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I've got a dictionary like:

{ 'a': 6, 'b': 1, 'c': 2 }

I'd like to iterate over it by value, not by key. In other words:

(b, 1)
(c, 2)
(a, 6)

What's the most straightforward way?

share|improve this question
duplicate… – Devin Jeanpierre Mar 23 '09 at 18:00
Not a dupe. The other one wants to sort a dictionary, which is impossible. I want to iterate over a dictionary in a sorted order. – mike Mar 23 '09 at 18:04
and the code is exactly the same. – SilentGhost Mar 23 '09 at 18:05
The answers are the same, but the questions are different. I found the other one before I posted this, read the question, and said, "No, this isn't what I'm asking". That's why I posted this. – mike Mar 23 '09 at 18:35
That question is asking how to do something impossible: sort a dictionary. Dictionaries can't be sorted. I'm asking how to do something possible: iterate over a dictionary in sorted order. Dictionaries can be iterated over in sorted order. – mike Apr 2 '09 at 18:21
up vote 23 down vote accepted
sorted(dictionary.items(), key=lambda x: x[1])

for these of you that hate lambda :-)

import operator
sorted(dictionary.items(), key=operator.itemgetter(1))

However operator version requires CPython 2.5+

share|improve this answer
I need the keys and the items, not just the items. – mike Mar 23 '09 at 18:01
dictionary.items() gives you both the keys and values, not just the keys. – Eli Courtwright Mar 23 '09 at 18:04
@Mike: items are (key, value) pairs. – vartec Mar 23 '09 at 18:08
..or key = operator.itemgetter(1). – John Fouhy Mar 23 '09 at 21:46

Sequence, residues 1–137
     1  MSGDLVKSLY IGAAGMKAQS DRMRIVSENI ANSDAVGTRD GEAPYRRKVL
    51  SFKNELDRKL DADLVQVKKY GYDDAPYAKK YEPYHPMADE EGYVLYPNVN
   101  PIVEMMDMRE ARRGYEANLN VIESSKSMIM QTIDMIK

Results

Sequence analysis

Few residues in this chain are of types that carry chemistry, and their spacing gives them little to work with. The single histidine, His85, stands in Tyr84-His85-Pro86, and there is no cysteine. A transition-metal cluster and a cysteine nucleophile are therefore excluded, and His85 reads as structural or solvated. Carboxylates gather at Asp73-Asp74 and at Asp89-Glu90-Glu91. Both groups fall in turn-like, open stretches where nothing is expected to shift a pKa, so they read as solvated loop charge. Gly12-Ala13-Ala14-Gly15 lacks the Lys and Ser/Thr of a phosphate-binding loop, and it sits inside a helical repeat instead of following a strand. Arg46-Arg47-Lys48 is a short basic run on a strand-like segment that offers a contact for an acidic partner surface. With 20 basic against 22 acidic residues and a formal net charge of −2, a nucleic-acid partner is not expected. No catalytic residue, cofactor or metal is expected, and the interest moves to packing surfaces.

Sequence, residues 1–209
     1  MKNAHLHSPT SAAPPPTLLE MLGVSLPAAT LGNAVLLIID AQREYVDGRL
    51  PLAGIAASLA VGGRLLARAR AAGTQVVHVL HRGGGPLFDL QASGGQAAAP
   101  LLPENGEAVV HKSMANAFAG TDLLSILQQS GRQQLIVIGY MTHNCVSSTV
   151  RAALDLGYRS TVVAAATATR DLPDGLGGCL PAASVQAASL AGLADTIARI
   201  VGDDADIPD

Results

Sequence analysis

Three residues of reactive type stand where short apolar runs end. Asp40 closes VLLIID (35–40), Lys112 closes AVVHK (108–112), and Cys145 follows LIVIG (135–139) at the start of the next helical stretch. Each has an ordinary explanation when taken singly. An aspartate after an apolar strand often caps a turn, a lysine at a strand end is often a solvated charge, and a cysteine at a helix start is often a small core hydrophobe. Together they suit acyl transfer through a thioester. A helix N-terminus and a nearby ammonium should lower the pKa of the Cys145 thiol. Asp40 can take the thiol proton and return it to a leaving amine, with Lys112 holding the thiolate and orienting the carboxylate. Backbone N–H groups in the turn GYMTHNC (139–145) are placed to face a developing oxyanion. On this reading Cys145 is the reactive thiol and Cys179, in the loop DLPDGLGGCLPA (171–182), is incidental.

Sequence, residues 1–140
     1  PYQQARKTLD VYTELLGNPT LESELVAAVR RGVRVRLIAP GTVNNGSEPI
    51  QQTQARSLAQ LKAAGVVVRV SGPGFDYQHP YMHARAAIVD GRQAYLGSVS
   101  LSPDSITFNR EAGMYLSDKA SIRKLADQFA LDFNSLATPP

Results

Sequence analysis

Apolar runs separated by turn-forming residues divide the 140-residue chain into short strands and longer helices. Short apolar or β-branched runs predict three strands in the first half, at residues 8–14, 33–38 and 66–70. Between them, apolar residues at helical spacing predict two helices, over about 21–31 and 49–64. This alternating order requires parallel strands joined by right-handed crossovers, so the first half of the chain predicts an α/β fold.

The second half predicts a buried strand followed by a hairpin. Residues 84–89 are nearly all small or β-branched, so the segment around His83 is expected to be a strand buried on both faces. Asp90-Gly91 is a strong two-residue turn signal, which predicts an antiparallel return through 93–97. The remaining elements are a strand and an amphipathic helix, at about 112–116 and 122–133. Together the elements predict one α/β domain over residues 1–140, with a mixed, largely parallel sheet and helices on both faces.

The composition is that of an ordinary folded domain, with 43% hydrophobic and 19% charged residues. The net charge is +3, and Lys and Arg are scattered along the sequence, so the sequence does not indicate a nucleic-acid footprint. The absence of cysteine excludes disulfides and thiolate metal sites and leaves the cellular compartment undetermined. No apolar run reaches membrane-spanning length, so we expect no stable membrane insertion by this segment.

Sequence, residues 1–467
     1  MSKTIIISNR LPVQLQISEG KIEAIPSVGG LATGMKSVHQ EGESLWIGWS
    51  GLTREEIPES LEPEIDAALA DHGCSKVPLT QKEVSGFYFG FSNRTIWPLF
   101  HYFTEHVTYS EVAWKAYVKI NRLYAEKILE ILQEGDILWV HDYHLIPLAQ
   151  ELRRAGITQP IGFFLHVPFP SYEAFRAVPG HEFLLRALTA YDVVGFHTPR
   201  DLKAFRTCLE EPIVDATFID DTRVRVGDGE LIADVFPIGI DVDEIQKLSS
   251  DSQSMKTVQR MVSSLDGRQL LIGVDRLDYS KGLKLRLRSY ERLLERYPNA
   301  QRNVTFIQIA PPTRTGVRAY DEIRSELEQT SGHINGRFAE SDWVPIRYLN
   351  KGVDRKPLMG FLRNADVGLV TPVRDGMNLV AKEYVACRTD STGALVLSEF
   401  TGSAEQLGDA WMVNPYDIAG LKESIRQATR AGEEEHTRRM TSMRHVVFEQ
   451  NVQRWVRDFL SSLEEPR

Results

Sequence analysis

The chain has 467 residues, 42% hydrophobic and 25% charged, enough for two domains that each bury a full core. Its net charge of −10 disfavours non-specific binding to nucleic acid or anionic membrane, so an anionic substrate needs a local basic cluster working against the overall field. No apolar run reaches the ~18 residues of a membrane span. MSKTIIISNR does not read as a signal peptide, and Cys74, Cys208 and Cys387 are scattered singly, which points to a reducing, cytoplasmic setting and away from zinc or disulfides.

For non-Python 3 programs, you'll want to use iteritems to get the performance boost of generators, which yield values one at a time instead of returning all of them at once.

sorted(d.iteritems(), key=lambda x: x[1])

For even larger dictionaries, we can go a step further and have the key function be in C instead of Python as it is right now with the lambda.

import operator
sorted(d.iteritems(), key=operator.itemgetter(1))


share|improve this answer
Oooh. Nice with the operator.itemgetter. Sweet. – Barry Wark Mar 23 '09 at 19:34
Though I haven't tested, I'm sceptical about the claim that sorted performs better on a consumable iterator than a list. I'd guess that the very first thing sorted does is read that iterator into a list anyway; it's very unclear whether there's a performance gain to be had, here. – Mark Amery May 26 at 10:09

The items method gives you a list of (key,value) tuples, which can be sorted using sorted and a custom sort key:

Python 2.5.1 (r251:54863, Jan 13 2009, 10:26:13) 

>>> a={ 'a': 6, 'b': 1, 'c': 2 }
>>> sorted(a.items(), key=lambda (key,value): value)
[('b', 1), ('c', 2), ('a', 6)]

In Python 3, the lambda expression will have to be changed to lambda x: x[1].

share|improve this answer
You might want to remove the first three lines and the last one...looks a little busy right now. – Nikhil Chelliah Mar 23 '09 at 18:12
Note that tuple unpacking is no longer supported in Python 3... unfortunately. – Stephan202 Mar 23 '09 at 18:14
@Nikhil I think the header is important. Especially per @Stephan's comment, it's significant which version I'm using for the demo. – Barry Wark Mar 23 '09 at 18:31
@Barry: isn't it clear from your syntax what version are you using? – SilentGhost Mar 23 '09 at 18:33

It can often be very handy to use namedtuple. For example, you have a dictionary of name and score and you want to sort on 'score':

import collections
Player = collections.namedtuple('Player', 'score name')
d = {'John':5, 'Alex':10, 'Richard': 7}

sorting with lowest score first:

worst = sorted(Player(v,k) for (k,v) in d.items())

sorting with highest score first:

best = sorted([Player(v,k) for (k,v) in d.items()], reverse=True)

The order of 'key' and 'value' in the listed tuples is (value, key), but now you can get the name and score of, let's say the second-best player (index=1) very Pythonically like this:

    player = best[1]
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